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High-Resolution Three-Dimensional Structural Data Quantify the Impact of Photoinhibition on Long-Term Carbon Gain in Wheat Canopies in the Field

Burgess, Alexandra J.; Retkute, Renata; Pound, Michael P.; Foulkes, John; Preston, Simon P.; Jensen, Oliver E.; Pridmore, Tony P.; Murchie, Erik H.

Authors

Alexandra J. Burgess

Renata Retkute

Oliver E. Jensen

TONY PRIDMORE tony.pridmore@nottingham.ac.uk
Professor of Computer Science

Dr ERIK MURCHIE erik.murchie@nottingham.ac.uk
Professor of Applied Plant Physiology



Abstract

Photoinhibition reduces photosynthetic productivity; however, it is difficult to quantify accurately in complex canopies partly because of a lack of high-resolution structural data on plant canopy architecture, which determines complex fluctuations of light in space and time. Here, we evaluate the effects of photoinhibition on long-term carbon gain (over 1 d) in three different wheat (Triticum aestivum) lines, which are architecturally diverse. We use a unique method for accurate digital three-dimensional reconstruction of canopies growing in the field. The reconstruction method captures unique architectural differences between lines, such as leaf angle, curvature, and leaf density, thus providing a sensitive method of evaluating the productivity of actual canopy structures that previously were difficult or impossible to obtain. We show that complex data on light distribution can be automatically obtained without conventional manual measurements. We use a mathematical model of photosynthesis parameterized by field data consisting of chlorophyll fluorescence, light response curves of carbon dioxide assimilation, and manual confirmation of canopy architecture and light attenuation. Model simulations show that photoinhibition alone can result in substantial reduction in carbon gain, but this is highly dependent on exact canopy architecture and the diurnal dynamics of photoinhibition. The use of such highly realistic canopy reconstructions also allows us to conclude that even a moderate change in leaf angle in upper layers of the wheat canopy led to a large increase in the number of leaves in a severely light-limited state.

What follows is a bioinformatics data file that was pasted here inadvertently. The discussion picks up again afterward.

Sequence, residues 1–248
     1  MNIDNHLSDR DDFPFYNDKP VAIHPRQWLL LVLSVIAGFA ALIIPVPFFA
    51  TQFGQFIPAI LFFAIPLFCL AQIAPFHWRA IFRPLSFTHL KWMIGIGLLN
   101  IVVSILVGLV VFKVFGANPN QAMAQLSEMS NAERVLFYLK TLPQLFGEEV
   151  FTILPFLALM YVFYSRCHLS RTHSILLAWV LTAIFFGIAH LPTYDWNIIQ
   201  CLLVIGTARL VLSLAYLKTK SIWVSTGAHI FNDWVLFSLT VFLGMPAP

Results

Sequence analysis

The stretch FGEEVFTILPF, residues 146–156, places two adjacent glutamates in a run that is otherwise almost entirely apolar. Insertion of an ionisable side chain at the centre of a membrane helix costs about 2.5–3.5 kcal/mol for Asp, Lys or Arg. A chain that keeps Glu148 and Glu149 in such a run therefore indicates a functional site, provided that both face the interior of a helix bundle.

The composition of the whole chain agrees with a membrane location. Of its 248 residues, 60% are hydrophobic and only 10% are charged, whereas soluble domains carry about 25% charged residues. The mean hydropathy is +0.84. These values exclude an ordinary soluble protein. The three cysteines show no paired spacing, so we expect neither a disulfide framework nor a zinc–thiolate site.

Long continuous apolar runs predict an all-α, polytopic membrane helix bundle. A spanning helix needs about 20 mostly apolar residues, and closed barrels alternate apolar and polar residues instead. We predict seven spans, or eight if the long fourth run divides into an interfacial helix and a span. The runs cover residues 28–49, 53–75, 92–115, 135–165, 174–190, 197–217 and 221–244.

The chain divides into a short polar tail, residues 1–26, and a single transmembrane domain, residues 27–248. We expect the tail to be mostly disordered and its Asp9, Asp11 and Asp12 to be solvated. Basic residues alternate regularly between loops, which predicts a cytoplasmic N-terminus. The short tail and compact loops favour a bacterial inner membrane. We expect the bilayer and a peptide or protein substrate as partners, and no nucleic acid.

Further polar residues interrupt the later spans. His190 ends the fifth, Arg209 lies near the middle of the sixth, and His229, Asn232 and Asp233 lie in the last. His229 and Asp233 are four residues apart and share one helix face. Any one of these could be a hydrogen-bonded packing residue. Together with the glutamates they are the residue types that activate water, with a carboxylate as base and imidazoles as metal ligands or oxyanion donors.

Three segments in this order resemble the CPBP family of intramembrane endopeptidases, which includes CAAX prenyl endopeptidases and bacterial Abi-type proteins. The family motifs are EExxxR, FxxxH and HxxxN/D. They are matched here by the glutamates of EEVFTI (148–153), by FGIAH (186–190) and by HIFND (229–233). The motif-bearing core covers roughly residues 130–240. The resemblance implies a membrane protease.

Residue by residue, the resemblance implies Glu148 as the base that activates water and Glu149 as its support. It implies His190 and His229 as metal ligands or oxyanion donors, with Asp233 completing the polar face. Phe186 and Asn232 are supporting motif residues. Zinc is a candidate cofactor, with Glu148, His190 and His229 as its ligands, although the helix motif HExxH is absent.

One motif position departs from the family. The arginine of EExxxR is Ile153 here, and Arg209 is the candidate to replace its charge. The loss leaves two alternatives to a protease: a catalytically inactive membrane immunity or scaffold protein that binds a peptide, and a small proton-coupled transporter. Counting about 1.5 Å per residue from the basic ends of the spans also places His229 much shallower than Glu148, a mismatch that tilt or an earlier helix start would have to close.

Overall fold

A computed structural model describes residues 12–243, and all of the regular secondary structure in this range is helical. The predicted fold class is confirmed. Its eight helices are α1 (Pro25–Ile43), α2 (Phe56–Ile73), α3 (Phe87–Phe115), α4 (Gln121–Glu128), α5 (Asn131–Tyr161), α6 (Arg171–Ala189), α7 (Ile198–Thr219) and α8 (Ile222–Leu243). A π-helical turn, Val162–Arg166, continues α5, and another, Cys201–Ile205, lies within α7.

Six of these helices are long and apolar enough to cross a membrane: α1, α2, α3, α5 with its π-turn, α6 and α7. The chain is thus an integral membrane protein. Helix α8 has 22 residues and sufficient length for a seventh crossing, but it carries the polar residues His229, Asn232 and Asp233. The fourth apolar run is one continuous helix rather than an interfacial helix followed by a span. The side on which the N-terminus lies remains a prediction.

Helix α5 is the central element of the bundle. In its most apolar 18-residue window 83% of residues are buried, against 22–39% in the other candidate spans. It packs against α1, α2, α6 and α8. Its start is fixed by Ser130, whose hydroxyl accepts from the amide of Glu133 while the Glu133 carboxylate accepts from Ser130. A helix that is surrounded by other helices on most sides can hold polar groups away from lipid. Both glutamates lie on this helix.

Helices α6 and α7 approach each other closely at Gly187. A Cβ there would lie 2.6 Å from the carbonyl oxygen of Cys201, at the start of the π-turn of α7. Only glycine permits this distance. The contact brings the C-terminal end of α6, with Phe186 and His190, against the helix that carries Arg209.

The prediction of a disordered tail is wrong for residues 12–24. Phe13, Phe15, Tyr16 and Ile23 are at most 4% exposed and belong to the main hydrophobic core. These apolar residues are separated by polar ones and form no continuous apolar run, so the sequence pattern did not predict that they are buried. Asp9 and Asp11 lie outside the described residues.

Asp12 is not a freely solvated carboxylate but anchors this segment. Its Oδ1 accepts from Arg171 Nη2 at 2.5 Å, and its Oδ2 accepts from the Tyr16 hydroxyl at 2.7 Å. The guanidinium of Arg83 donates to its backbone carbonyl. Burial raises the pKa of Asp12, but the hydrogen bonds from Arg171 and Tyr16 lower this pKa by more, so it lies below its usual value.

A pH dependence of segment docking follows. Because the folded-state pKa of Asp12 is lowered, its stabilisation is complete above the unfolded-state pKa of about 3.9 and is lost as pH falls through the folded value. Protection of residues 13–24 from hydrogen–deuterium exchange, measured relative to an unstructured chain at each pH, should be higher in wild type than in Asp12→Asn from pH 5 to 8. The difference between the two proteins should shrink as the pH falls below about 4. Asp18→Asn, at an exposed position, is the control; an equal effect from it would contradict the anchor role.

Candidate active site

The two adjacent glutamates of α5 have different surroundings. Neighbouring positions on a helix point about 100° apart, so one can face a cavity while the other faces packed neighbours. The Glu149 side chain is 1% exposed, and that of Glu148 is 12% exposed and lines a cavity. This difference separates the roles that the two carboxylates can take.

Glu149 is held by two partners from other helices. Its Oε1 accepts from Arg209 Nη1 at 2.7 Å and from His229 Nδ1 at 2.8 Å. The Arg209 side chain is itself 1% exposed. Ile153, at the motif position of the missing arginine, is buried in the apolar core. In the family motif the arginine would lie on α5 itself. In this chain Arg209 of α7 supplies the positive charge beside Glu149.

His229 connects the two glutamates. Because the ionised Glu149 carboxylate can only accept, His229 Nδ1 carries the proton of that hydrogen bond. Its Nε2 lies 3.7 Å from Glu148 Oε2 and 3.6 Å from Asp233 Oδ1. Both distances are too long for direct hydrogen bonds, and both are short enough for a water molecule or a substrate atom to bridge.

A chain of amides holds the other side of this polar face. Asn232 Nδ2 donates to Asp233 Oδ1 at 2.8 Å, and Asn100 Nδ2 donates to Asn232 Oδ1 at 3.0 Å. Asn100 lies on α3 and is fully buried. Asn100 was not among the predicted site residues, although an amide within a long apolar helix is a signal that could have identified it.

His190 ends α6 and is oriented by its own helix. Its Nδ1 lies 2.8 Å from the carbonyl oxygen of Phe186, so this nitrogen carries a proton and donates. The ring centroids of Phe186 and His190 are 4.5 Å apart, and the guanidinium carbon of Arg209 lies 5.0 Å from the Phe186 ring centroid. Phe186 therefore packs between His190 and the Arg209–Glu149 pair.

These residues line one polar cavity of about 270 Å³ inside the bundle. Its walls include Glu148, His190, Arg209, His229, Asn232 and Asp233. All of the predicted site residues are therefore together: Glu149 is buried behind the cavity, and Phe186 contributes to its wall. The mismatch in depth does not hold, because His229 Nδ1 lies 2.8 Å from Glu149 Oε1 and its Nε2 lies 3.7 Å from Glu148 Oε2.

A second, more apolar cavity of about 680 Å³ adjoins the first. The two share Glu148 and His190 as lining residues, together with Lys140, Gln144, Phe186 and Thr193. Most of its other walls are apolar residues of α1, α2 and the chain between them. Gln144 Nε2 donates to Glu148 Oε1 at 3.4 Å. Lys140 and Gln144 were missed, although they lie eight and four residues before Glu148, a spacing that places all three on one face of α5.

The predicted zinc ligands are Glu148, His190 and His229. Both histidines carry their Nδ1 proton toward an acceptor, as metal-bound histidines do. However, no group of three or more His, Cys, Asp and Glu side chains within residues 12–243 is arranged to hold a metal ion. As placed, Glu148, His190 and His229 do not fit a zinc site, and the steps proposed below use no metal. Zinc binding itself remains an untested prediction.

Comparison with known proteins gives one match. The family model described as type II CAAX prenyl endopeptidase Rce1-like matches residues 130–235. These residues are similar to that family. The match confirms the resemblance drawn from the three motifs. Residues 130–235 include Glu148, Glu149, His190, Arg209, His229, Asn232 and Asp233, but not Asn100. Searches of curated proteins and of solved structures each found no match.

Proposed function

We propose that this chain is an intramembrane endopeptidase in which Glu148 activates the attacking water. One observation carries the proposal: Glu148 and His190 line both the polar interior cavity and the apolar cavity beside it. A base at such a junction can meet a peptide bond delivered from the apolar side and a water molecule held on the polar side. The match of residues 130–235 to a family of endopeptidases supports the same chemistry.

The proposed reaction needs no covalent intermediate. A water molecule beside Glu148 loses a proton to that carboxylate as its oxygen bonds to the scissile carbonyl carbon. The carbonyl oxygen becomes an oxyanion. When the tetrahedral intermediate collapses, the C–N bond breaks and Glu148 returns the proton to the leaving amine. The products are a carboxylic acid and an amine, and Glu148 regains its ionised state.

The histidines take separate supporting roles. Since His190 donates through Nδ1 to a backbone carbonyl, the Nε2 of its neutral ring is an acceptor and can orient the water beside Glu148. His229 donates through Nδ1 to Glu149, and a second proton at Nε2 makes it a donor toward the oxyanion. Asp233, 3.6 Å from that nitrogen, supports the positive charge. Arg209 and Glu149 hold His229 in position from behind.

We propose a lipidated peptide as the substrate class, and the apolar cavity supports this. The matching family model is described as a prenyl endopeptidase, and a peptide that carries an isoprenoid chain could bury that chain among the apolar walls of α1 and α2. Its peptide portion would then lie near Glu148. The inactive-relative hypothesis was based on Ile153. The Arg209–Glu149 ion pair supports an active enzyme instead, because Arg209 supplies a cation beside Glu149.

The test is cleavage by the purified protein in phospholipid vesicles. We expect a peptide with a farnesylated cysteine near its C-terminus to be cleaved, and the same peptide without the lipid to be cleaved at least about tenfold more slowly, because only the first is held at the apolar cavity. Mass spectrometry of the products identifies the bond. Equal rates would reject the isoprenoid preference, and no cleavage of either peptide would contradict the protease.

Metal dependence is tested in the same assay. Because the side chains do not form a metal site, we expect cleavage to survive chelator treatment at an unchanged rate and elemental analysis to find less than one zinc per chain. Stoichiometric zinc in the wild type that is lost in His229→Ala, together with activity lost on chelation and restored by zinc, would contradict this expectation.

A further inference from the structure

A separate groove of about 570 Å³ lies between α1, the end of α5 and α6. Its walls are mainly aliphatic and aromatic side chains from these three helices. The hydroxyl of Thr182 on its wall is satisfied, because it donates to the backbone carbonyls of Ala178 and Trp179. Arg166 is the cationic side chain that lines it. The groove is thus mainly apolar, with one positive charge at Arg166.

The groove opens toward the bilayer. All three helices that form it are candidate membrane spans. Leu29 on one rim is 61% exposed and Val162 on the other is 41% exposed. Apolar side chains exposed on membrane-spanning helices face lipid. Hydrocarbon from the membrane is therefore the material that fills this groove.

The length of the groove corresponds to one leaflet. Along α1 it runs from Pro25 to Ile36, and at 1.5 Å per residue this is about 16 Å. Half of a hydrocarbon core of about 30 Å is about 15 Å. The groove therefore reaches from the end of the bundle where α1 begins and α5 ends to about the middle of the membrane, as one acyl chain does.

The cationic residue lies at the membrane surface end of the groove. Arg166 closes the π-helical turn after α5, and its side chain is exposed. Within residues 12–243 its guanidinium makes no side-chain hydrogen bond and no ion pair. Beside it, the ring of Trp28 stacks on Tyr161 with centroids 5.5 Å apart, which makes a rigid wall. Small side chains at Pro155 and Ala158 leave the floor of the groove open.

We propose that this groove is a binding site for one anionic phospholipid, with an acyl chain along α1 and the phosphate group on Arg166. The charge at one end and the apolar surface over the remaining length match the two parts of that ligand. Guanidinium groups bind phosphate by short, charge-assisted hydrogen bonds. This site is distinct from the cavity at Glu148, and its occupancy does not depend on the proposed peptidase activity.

Citation

Burgess, A. J., Retkute, R., Pound, M. P., Foulkes, J., Preston, S. P., Jensen, O. E., …Murchie, E. H. (2015). High-Resolution Three-Dimensional Structural Data Quantify the Impact of Photoinhibition on Long-Term Carbon Gain in Wheat Canopies in the Field. Plant Physiology, 169(2), 1192-1204. https://doi.org/10.1104/pp.15.00722

Journal Article Type Article
Acceptance Date Aug 17, 2015
Online Publication Date Aug 17, 2015
Publication Date 2015-10
Deposit Date Feb 1, 2016
Publicly Available Date Feb 1, 2016
Journal Plant Physiology
Print ISSN 0032-0889
Electronic ISSN 1532-2548
Publisher American Society of Plant Biologists
Peer Reviewed Peer Reviewed
Volume 169
Issue 2
Pages 1192-1204
DOI https://doi.org/10.1104/pp.15.00722
Public URL http://eprints.nottingham.ac.uk/id/eprint/31461
Publisher URL http://www.plantphysiol.org/content/169/2/1192
Copyright Statement Copyright information regarding this work can be found at the following address: http://creativecommons.org/licenses/by/4.0

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